Princeton Seminary graduate Emily Chudy remembers her deep disappointment.
“I’d expected a call,” she says. Rejected — she’d been one of two finalists for her first ministerial job — she sat in her dorm praying, “God, here is your servant; your will be done.”
Chudy, a candidate for ministry in the Presbytery of Donegal who holds an M.Div. and a master's degree in youth ministry, had no job.
Erin Cox-Holmes, executive presbyter at Donegal since 2010, had been praying too — about Central Presbyterian Church in Downingtown, Pennsylvania. The 900-member congregation was in the midst of a “tangled split.”
After failing to get the required 75 percent super majority vote to leave the denomination, the pastors, most of the church staff and session, and around 250 members had left to form an Evangelical Presbyterian Church congregation down the street.
The 175 worshipers left wanted to remain in the Presbyterian Church (U.S.A.).
“It was counterintuitive, but I kept looking at the church and Emily together,” says Cox-Holmes. “Most times, you would put an experienced interim pastor there. But I was seeing God at work — God’s call.”
Cox-Holmes reached out to Chudy, who was in a car full of bridesmaids when the phone rang.
“I remember Erin asking if I could talk about ‘a possible summer preaching opportunity.’ To which I replied, ‘In this moment … not exactly.’”
Once they did talk, things moved rather quickly. Chudy started out as temporary pulpit supply.
“In those early worship times together, we claimed our identity of belonging to a God who was bigger than what they had been hearing about,” says Chudy. “It was powerful for them to stand up for the church they believed in, to know this is where they belonged.”
By September 2012, the congregation had stabilized. It was becoming an intergenerational family of kids, youth, parents and grandparents.
Taking note, the presbytery ordained Chudy as temporary co-pastor — pairing her with a retired pastor from one of the larger congregations of Donegal.
As Chudy delved deeper into the work of crisis management and pastoral care, she kept kept the congregation’s focus on whom they worshiped.
“Everything we do stems from maintaining that sense of who God is,” she says. “That’s where we are able to hold together the joy, sorrow and pain.”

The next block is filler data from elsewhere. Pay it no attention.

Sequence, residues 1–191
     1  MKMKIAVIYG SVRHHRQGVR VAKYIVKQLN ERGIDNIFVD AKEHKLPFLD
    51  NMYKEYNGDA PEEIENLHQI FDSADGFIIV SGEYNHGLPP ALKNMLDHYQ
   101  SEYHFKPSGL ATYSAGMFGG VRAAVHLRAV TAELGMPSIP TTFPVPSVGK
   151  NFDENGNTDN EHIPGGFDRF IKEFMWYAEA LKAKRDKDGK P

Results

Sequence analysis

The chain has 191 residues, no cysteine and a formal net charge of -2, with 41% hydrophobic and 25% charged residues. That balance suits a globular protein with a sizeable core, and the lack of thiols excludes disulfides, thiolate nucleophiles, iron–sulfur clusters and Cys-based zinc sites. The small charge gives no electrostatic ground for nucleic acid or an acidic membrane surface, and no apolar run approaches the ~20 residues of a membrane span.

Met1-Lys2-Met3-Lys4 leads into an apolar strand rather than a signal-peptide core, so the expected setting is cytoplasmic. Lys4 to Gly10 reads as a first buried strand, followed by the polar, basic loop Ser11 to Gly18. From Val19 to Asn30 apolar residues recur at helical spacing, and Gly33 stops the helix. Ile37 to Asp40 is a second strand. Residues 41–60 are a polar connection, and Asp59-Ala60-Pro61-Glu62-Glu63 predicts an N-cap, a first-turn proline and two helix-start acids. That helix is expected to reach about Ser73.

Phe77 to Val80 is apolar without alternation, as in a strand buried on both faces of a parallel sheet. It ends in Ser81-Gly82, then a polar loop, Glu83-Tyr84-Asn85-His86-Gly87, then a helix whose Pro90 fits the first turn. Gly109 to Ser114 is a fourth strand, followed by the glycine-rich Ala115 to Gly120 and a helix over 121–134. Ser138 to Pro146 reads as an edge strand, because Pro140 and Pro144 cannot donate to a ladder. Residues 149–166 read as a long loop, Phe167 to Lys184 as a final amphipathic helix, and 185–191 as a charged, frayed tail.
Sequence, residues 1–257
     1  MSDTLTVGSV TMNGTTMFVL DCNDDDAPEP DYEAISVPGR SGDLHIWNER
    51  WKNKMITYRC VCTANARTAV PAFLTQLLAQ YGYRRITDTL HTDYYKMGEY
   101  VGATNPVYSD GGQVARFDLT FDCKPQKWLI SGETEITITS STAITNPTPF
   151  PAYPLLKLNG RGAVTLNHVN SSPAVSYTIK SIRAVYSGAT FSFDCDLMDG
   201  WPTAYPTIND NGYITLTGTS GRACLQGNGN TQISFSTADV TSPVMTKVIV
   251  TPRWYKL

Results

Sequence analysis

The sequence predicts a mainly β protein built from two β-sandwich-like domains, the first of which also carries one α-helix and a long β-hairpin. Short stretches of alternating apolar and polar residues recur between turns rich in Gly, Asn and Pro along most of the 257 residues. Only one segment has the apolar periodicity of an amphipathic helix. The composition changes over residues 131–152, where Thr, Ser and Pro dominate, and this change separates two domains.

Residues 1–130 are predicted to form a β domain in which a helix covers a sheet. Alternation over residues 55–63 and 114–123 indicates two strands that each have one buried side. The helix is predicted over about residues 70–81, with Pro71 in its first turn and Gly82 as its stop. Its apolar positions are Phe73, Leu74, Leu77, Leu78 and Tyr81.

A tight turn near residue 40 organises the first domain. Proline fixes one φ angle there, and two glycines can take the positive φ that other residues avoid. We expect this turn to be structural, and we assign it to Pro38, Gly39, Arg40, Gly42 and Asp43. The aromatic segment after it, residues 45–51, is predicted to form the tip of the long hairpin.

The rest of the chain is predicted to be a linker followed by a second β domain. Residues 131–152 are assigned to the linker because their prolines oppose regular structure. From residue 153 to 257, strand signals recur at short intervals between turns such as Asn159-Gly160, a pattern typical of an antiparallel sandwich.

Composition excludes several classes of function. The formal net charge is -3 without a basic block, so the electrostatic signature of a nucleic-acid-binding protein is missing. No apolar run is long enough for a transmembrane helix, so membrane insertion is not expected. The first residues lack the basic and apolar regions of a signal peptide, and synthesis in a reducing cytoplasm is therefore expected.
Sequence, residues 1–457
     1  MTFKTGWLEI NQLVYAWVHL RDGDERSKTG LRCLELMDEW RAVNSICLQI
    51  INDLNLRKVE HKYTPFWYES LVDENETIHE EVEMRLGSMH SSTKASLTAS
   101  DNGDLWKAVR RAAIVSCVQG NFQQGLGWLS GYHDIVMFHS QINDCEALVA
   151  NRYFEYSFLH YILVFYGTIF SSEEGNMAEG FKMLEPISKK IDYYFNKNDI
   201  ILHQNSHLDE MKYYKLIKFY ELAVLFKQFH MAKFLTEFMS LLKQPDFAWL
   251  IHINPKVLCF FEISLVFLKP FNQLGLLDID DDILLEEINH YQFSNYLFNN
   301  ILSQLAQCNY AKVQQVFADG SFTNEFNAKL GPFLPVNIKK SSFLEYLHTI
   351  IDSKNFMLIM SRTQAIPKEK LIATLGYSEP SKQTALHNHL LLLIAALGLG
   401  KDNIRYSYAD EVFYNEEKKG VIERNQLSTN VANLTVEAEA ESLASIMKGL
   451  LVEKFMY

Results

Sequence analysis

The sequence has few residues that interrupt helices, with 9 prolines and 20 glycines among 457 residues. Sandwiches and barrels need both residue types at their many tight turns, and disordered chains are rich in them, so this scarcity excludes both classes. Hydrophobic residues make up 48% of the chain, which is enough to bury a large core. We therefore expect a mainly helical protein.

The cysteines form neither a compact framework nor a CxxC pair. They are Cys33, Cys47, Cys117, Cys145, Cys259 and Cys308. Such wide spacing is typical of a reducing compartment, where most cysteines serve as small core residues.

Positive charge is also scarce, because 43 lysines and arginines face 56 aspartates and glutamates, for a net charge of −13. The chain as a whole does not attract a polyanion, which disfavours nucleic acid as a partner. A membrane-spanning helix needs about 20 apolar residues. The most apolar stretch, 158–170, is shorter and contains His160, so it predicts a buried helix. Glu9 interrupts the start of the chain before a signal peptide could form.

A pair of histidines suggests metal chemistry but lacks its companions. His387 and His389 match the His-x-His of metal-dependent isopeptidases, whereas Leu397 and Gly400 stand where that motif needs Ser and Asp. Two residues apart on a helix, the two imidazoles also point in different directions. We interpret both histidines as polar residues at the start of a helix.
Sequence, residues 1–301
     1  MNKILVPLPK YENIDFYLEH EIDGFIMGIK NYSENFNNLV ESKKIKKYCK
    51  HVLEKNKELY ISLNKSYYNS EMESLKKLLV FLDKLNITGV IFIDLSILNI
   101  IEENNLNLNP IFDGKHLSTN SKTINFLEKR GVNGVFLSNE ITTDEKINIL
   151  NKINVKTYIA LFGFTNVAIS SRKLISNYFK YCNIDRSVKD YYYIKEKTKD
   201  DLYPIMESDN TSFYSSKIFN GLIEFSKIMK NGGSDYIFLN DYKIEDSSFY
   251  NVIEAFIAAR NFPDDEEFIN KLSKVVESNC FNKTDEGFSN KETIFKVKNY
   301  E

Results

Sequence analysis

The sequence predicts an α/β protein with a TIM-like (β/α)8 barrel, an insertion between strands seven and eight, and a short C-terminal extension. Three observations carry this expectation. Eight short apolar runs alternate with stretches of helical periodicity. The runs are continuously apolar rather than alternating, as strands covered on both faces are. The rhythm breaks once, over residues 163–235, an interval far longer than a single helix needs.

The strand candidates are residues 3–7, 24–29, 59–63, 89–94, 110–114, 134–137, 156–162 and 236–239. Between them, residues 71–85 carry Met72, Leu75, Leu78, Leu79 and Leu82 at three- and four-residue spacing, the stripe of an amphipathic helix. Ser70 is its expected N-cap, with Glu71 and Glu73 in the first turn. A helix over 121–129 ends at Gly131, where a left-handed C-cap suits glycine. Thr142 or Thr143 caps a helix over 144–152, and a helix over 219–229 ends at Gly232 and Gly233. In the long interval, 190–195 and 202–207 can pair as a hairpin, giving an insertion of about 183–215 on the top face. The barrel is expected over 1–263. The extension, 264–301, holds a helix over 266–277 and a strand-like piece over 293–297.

The folks at Central began to reorganize from the ground up. They ordained new leadership, with the congregation giving input on staff hires. By Easter Sunday 2013, they’d nearly doubled in worship size to 300, and more than 600 came that day.
Chudy kept stressing that being church together is more important than any differences that would separate them from doing God’s work.
She has also made it a point to maintain relationships with those who left, welcoming anyone who wants to come to Central for anything, including funerals.
“That’s so important to me as a leader,” Chudy says. “The split here happened on their 150th anniversary. It was like a divorce. You get cut off from relationships, but you still want connections to the shared history.”
Having already dismissed 11 congregations from the Presbytery of Donegal, Cox-Holmes is grateful for the good news at Central.
“It’s been a joyful thing to watch a congregation reorient itself to outreach,” she says. “They’ve raised several hundred thousand dollars for various organizations. Their first commitment is to mission generosity; the staffing structure has followed that.”
Recently the presbytery installed Chudy as designated co-pastor at Central, and the pastor she was paired with retired again. A search is underway to find a new co-pastor.
“God’s call is often surprising,” says Cox-Holmes. “If we’re not afraid to follow, amazing things happen.”
“This has been such an incredible adventure,” adds Chudy. “We’re learning to talk together and value each other’s perspectives — discovering that God can use us together to love those who are different from us.”